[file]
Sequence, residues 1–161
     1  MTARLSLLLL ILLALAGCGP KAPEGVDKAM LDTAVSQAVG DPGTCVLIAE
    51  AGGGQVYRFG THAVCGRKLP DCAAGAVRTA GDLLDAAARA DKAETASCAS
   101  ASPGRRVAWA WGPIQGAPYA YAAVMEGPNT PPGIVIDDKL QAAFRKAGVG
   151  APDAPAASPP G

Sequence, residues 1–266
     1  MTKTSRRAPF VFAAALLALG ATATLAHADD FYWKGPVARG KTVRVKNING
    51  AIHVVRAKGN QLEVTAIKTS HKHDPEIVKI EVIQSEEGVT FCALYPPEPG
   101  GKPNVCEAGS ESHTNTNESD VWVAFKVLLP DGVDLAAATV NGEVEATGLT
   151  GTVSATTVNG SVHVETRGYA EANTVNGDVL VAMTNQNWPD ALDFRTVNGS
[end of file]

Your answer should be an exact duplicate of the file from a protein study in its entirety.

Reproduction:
Sequence, residues 1–161
     1  MTARLSLLLL ILLALAGCGP KAPEGVDKAM LDTAVSQAVG DPGTCVLIAE
    51  AGGGQVYRFG THAVCGRKLP DCAAGAVRTA GDLLDAAARA DKAETASCAS
   101  ASPGRRVAWA WGPIQGAPYA YAAVMEGPNT PPGIVIDDKL QAAFRKAGVG
   151  APDAPAASPP G

Sequence, residues 1–266
     1  MTKTSRRAPF VFAAALLALG ATATLAHADD FYWKGPVARG KTVRVKNING
    51  AIHVVRAKGN QLEVTAIKTS HKHDPEIVKI EVIQSEEGVT FCALYPPEPG
   101  GKPNVCEAGS ESHTNTNESD VWVAFKVLLP DGVDLAAATV NGEVEATGLT
   151  GTVSATTVNG SVHVETRGYA EANTVNGDVL VAMTNQNWPD ALDFRTVNGS